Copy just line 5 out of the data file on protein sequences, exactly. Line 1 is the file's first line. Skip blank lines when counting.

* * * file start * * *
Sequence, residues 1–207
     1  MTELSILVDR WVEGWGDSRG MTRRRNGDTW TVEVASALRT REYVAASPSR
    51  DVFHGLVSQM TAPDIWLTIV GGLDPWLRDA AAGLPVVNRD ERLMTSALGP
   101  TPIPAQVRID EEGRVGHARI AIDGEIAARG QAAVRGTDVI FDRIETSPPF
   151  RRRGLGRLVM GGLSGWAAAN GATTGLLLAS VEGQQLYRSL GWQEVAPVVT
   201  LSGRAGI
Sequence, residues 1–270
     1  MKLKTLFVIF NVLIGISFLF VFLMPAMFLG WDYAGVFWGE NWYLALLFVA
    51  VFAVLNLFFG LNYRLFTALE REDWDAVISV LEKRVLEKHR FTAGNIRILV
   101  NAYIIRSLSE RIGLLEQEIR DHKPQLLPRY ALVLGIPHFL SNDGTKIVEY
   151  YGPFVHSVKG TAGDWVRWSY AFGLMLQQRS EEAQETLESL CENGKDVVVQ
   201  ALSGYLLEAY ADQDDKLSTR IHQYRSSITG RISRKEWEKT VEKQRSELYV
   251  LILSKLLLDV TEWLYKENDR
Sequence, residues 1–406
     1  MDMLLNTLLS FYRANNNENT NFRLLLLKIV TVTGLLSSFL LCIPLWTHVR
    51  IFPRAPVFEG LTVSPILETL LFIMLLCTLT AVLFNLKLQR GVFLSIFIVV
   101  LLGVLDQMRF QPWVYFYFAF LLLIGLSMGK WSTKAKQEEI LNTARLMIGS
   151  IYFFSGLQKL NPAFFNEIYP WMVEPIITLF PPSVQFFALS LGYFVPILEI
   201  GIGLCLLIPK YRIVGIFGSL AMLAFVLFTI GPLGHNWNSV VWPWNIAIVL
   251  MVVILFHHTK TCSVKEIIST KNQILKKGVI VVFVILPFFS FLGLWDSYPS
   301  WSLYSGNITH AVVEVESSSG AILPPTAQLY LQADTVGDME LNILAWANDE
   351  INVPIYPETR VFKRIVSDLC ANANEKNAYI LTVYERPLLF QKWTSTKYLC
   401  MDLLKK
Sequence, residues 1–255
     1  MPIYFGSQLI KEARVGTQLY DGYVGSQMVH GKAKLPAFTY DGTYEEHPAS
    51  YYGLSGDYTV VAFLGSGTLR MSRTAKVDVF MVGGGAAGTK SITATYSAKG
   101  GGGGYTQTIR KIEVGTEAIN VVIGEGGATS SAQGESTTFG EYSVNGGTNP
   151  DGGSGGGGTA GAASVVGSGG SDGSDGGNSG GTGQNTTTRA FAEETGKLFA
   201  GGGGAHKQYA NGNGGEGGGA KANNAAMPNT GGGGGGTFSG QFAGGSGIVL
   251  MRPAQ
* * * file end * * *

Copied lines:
   151  RRRGLGRLVM GGLSGWAAAN GATTGLLLAS VEGQQLYRSL GWQEVAPVVT